From the January 2006 issue

Phil Harrington’s binocular universe: A hero for the ages

January 2006: Find Perseus the mightly warrior stretched across the sky.
By | Published: January 1, 2006
Phil Harrington
During the last 2 months, we’ve tracked down objects in the constellations Cassiopeia the Queen (November) and her daughter, Andromeda the Princess (December). Both of these figures play pivotal roles in one of the sky’s most famous myths: the legend of Andromeda and Cetus. The story goes that Poseidon, Greek god of the sea, punished Cassiopeia for her constant bragging by kidnapping Andromeda and chaining her to a rock by the sea. There, she was to be devoured by Poseidon’s viscious sea monster, Cetus.

Just as it looked as though all was lost, our story’s hero, Perseus, swooped out of the sky on the back of Pegasus the Flying Horse and saved her.

We can still find Perseus standing protectively over Andromeda in this issue’s all-sky map on page 63 — even though trying to see the figure of a mighty warrior is a stretch. Instead, Perseus looks more like two jagged arcs of stars curving away from the W pattern of Cassiopeia. The constellation’s brightest star, Mirfak (Alpha [α] Persei), lies about two-thirds of the way along a line that stretches from Pegasus in the northwest to the bright star Capella in Auriga. Shining at magnitude 1.8, Mirfak is classified as a white giant star and lies about 500 light-years away.

Examining Mirfak through binoculars, we find it surrounded by dozens of fainter stars scattered in small clumps and patterns. While most of the stars appear white or blue-white, a few show slight tinges of yellow or orange. Search for the orange
star Sigma (σ) Persei, one of three suns forming a small triangle south of Mirfak. Also, look for two whitish double stars to the north of Mirfak.

Perseus is chock-full of star clusters visible through binoculars.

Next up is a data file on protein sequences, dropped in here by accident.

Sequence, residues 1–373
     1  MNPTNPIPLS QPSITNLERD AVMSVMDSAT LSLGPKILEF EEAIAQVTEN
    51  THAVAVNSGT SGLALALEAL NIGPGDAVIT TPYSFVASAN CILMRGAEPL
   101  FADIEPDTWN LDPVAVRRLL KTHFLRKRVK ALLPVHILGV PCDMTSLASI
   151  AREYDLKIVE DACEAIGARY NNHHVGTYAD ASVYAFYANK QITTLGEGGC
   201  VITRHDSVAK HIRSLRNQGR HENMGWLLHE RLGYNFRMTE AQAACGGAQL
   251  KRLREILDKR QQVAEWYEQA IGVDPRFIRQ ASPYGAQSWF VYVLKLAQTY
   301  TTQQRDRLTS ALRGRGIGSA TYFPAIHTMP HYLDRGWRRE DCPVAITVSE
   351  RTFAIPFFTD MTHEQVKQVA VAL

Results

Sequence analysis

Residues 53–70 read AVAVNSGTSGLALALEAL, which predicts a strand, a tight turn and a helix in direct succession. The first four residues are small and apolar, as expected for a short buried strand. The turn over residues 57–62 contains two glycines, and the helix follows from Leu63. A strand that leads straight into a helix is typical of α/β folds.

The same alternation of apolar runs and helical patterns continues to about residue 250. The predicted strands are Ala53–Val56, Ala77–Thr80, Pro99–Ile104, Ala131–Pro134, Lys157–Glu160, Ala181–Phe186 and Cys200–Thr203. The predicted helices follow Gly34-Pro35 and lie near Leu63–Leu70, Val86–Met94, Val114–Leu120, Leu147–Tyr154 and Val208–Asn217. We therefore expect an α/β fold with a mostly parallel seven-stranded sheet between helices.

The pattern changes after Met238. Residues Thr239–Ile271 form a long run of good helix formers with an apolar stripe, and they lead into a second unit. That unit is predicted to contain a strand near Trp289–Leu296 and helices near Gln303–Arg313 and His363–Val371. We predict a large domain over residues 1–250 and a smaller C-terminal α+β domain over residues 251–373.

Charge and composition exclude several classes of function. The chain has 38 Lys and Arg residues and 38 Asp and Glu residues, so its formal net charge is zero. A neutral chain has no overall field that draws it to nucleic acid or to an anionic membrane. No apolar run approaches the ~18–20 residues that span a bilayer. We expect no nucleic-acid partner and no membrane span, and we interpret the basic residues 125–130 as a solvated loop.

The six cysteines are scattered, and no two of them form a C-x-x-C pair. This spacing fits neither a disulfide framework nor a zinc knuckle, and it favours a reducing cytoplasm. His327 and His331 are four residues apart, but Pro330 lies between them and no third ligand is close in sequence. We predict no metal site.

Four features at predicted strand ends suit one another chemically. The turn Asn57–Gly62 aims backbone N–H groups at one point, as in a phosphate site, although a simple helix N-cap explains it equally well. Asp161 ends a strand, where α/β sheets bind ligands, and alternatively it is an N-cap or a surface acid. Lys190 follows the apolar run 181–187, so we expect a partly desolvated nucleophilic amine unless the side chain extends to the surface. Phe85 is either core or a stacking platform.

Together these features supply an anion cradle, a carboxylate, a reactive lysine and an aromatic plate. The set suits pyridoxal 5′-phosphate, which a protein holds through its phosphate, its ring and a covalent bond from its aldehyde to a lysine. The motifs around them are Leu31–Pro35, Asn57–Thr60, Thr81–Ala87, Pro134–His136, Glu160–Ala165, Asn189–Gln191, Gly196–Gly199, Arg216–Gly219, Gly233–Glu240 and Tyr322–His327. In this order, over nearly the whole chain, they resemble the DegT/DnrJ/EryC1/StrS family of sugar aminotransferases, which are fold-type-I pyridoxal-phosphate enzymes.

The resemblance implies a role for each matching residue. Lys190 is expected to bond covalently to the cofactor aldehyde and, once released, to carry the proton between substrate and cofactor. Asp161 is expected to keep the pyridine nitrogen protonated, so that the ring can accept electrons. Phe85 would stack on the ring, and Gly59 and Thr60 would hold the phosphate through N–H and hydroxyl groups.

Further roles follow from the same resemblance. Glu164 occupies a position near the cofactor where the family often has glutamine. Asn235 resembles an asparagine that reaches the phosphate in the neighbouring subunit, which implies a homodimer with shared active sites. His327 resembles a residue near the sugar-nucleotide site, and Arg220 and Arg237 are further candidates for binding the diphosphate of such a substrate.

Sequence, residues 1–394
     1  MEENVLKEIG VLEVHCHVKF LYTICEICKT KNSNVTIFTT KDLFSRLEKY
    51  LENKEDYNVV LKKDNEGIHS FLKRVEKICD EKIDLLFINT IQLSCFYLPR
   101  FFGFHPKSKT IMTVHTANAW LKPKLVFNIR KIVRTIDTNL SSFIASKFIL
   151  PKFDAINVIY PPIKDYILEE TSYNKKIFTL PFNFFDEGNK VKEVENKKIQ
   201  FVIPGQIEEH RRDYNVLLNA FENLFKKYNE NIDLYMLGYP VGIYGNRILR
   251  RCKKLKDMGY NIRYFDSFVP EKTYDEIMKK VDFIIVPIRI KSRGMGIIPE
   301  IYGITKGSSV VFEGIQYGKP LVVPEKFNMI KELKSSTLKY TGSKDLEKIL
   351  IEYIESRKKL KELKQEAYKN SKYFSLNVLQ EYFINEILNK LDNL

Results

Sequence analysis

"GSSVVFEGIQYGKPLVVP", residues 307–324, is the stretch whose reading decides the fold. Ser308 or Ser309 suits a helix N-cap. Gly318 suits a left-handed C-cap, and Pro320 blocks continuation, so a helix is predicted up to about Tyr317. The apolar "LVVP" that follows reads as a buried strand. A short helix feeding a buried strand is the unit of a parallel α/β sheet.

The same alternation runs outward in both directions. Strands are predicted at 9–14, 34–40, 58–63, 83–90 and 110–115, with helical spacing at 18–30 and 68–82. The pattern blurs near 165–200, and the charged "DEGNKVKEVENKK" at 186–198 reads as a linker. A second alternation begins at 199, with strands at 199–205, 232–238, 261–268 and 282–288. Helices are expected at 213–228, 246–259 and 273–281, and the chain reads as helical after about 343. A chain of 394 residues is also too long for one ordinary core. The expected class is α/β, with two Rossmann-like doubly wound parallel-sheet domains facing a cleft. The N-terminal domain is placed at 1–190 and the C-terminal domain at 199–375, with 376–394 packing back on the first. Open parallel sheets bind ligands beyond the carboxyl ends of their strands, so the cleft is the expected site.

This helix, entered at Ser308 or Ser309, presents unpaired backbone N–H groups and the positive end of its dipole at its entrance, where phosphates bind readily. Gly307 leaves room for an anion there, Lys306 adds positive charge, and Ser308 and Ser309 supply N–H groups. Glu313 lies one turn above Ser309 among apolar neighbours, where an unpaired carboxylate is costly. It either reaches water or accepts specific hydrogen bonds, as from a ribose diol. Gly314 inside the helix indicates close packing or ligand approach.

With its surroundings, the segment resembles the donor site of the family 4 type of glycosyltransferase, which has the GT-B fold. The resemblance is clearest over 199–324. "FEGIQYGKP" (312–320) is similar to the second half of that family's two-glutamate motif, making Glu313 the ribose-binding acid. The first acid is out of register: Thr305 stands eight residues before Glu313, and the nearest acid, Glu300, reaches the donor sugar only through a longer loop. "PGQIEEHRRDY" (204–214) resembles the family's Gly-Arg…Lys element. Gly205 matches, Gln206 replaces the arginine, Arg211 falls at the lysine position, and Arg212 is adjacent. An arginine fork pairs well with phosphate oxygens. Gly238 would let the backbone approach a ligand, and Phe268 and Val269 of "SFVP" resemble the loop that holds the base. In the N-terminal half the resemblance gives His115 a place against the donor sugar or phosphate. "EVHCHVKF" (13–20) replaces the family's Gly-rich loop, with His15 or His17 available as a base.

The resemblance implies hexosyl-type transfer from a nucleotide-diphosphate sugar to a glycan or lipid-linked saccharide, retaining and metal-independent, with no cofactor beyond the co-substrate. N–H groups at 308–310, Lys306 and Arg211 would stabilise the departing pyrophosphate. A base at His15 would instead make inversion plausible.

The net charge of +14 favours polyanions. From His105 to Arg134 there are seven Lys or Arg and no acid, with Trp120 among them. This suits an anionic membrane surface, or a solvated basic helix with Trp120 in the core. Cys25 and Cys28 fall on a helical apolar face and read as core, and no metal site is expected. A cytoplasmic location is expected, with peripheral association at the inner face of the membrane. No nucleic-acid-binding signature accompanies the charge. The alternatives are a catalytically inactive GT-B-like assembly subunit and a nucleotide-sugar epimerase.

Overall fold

Astronomy: Roen Kelly
Together, the stars gathered into this football-shape area form the Alpha Persei Association. A stellar association contains mostly hot blue-white and white stars, like many open star clusters. Typically, however, the stars in an association gather more loosely than those in open clusters. In the case of the Alpha Persei group, some 50 stars are bound by their mutual — but weak — gravitational field. All lie about the same distance away as Mirfak, having formed from a common cloud of interstellar gas and dust some 50 million years ago.

In Perseus, you’ll find two wonderful open star clusters that appear as two overlapping circles on the map. Their labels, NGC 869 and NGC 884, correspond to their entry numbers in the New General Catalogue. You might also know them by their combined nickname, the Double Cluster.

Even from suburban skies, your unaided eyes can see the Double Cluster as a small, faint smudge of light between Perseus and Cassiopeia. Find them through your binoculars by extending a line from Gamma (γ) Cassiopeiae, the center star of the W, through Delta (δ) Cas and continuing east.

If you maintain a straight course, you will see both clusters as two tiny knots of stars. The one closer to Cassiopeia, NGC 869, appears more densely packed. Most of the stars look either white or blue-white, but you might notice a few yellow and orange stars as well. To make subtle star colors stand out more vividly, defocus your scope slightly.

Finally, let’s take aim at the open cluster M34. You’ll find it about halfway between the stars Gamma (Almach) in Andromeda and Beta (b) (Algol) in Perseus. A great target for binoculars, M34 covers an area as large as the Full Moon. Look for the brightest of its 100 stars twinkling in the hazy glow of fainter, unresolved suns.

Let me close for now by extending my best to you and yours for a very happy new year. May we all enjoy many clear nights throughout 2006. And if you have a favorite binocular target, I would love to hear about it and possibly include your observations in a future column. Send me your thoughts via e-mail.

Next month, we visit the grandest constellation of all! Till then, remember: Two eyes are better than one!